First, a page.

Do you look for food and nutrition information on the internet? With an endless amount of nutrition advice and conflicting messages available, finding good quality information that you can trust is often a challenge.
While some food and nutrition recommendations are based on strong scientific research, many are not. Some advice can be incorrect, misleading, and may even be dangerous to your health. Here are a few tips to help you sort through the information.
Steps You Can Take
1. Look for ‘red flags’ to help you decide what is true and what is not. Ask yourself the following questions:
- Is there a promise of a quick fix like fast weight loss or a miracle cure? Is there a sensational headline for the next big thing? If a diet or product sounds too good to be true, then it likely is. Making changes in your habits means a long-term commitment to healthy eating and physical activity.
- Is information based on personal stories or testimonials? It may be nice to hear a success story from a celebrity or friend, but it's not proof that something works or is true. Nutrition advice should be based on the best available research.
- Is the advice based on a single study? The best answers to food and nutrition questions are found by combining the results of many studies. The more research that shows the same results the more trustworthy the advice is. Also, the more people in the study and the longer its duration, the stronger the results will be.
- What are the writers’ qualifications? You wouldn’t ask a celebrity how to design a bridge, you’d ask an engineer. The same thinking should apply to nutrition advice. Check the website section “about us” to find out more about the people or company responsible for the website.
- Does the advice include buying special products or replacing foods with supplements? Food is the best source of nutrients. Special products and supplements are usually not needed to improve your health.
- Does the advice emphasize a single food or nutrient? Current food and nutrition evidence shows greater health benefits from eating a variety of nutritious whole foods rather than focusing on single foods or nutrients.
- Is the information on the website current? Reliable websites will include the date of when a webpage was written and be regularly updated to reflect the most current nutrition information and advice available.
2. Seek out a food and nutrition professional who has experience in the area
- Registered Dietitians (RD or PDt) are provincially regulated professionals who have specific training and a university degree in foods and nutrition. Provincial colleges protect the public by ensuring dietitians practice safely, ethically and competently. To find a local dietitian visit:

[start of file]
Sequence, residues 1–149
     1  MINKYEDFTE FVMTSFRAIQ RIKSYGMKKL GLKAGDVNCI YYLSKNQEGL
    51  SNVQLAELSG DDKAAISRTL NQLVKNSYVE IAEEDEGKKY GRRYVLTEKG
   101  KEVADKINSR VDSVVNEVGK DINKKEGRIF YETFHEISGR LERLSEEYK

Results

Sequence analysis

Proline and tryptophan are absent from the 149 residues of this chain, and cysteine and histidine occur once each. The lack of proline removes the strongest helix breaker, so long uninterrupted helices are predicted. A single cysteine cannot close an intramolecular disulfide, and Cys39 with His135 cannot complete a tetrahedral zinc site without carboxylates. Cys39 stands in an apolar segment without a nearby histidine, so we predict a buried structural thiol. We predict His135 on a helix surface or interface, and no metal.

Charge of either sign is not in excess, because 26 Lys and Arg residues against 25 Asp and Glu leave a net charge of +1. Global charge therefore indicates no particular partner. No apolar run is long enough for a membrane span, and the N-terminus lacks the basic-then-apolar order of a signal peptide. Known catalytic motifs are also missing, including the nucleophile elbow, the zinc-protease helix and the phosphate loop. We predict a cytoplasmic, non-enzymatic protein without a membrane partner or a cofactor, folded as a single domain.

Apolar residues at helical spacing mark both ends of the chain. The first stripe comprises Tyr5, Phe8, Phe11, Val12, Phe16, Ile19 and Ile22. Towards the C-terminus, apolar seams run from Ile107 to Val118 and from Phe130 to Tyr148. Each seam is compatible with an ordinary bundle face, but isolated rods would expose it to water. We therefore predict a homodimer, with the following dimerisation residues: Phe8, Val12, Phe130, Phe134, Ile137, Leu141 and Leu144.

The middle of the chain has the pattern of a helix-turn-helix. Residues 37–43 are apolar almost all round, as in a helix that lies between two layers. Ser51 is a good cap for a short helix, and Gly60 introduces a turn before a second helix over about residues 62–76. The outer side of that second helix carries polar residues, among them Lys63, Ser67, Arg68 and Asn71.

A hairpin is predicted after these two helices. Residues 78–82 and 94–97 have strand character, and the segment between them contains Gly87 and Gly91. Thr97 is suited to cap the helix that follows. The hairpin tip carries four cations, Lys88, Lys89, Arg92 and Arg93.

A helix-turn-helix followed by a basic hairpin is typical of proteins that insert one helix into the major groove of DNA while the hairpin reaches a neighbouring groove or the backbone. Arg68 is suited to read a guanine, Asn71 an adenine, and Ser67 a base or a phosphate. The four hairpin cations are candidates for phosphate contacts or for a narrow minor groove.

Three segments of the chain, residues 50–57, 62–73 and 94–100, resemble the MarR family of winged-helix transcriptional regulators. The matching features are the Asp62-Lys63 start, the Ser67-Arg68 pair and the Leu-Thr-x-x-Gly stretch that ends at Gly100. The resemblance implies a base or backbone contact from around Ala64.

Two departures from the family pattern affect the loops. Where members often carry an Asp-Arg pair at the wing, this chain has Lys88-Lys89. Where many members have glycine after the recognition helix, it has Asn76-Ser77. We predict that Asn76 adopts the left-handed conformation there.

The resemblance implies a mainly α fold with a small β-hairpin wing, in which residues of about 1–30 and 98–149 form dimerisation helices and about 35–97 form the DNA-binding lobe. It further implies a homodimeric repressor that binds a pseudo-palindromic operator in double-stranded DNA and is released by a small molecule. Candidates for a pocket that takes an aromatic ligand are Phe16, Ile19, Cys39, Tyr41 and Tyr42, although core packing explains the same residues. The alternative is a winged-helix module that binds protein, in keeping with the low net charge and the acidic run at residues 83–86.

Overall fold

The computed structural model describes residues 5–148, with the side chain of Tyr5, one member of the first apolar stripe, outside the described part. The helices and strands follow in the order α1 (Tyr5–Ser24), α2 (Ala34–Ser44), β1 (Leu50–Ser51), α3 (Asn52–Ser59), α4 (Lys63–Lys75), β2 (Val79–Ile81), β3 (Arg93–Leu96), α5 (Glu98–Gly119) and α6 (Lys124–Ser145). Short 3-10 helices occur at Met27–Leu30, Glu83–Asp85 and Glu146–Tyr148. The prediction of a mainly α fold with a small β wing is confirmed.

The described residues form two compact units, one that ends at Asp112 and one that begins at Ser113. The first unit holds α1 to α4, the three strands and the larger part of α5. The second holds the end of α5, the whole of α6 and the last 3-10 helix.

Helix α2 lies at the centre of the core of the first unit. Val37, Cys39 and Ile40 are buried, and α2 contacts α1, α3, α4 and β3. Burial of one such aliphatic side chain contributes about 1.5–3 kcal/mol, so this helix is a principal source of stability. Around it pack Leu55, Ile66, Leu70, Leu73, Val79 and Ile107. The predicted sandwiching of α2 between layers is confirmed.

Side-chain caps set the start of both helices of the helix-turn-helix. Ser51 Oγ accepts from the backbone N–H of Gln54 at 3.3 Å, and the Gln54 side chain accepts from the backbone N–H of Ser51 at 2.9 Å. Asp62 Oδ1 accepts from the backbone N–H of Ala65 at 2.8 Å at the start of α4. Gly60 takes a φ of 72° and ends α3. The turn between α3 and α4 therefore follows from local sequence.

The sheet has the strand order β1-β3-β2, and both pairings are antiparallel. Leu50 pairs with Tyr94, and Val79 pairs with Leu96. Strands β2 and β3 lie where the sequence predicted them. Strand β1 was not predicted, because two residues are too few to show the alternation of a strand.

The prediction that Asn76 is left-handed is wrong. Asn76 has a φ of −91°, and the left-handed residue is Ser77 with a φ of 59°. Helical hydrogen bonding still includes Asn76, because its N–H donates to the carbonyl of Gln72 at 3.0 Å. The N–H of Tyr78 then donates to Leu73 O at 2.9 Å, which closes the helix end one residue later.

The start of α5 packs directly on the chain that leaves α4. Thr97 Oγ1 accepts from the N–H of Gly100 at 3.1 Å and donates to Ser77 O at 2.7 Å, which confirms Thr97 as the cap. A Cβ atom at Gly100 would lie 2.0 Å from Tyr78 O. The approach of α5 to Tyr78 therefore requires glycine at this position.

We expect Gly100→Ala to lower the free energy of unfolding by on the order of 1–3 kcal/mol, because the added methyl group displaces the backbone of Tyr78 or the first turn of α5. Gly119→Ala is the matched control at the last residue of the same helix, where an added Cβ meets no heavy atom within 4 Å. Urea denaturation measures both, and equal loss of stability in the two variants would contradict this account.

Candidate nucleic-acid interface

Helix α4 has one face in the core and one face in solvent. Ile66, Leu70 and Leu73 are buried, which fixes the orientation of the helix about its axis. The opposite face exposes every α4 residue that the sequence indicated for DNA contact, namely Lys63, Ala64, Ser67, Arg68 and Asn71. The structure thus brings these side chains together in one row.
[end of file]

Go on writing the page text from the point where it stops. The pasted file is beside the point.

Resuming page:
- The provincial college’s online registry available from: https://www.pdep.ca/accreditation/accreditation-about/Canadian-Dietetic-Regulators.aspx. Search by ‘Public’ and find a dietitian.
- ‘Find a Dietitian’
Search by postal code, city and/or specialty. Many employee benefits programs cover dietitian services.
- Some provinces offer free access to registered dietitians by telephone. Visit ‘Speak with a Dietitian’ at https://www.unlockfood.ca/en/Articles/Promotional-Material/Find-a-Dietitian.aspx for more information.
3. Choose trustworthy websites
Look for websites from trusted sources such as educational institutions, government agencies and professional organizations. These websites will often end in .edu, .gov, or .org. Use the list of reliable websites below to get started. Websites ending in .com mean that they are commercial sites and may contain either accurate or inaccurate information. Look closely and assess for red flags to make sure that the information is not biased.
Don’t rely only on the information you find on the internet when making a decision about your diet or health. Share the information you’ve found with your dietitian or health care provider. Talk about the changes you’d like to make and together you can come up with a plan that is best for you.
Here are a few websites with reliable information:
- Dietitians of Canada
- Government of Canada – Food and Nutrition https://www.canada.ca/en/services/health/food-nutrition.html
- Public Health Agency of Canada – Healthy Eating http://www.phac-aspc.gc.ca/chn-rcs/nhe-nsa-eng.php
- Allergy Canada https://foodallergycanada.ca/
- Arthritis Society https://arthritis.ca
- Canadian Cancer Society https://www.cancer.ca
- Canadian Society of Intestinal Research www.badgut.org
- Celiac Association of Canada https://www.celiac.ca
- Diabetes Canada https://www.diabetes.ca/
- Heart and Stroke Foundation http://www.heartandstroke.ca/
- Hypertension Canada https://hypertension.ca/
- Osteoporosis Canada https://osteoporosis.ca
- Canadian Partnership for Consumer Food Safety Education http://www.fightbac.org/
For information and advice based on your specific food and nutrition needs and preferences, call 8-1-1 and ask to speak to a HealthLink BC dietitian.
For additional information, see the following resources:
- HealthLink BC www.healthlinkbc.ca – Get medically approved non-emergency health information.
- Dietitian Services Fact Sheets - Available by mail (call 8-1-1) or visit www.healthlinkbc.ca/healthy-eating
Last updated: January 2019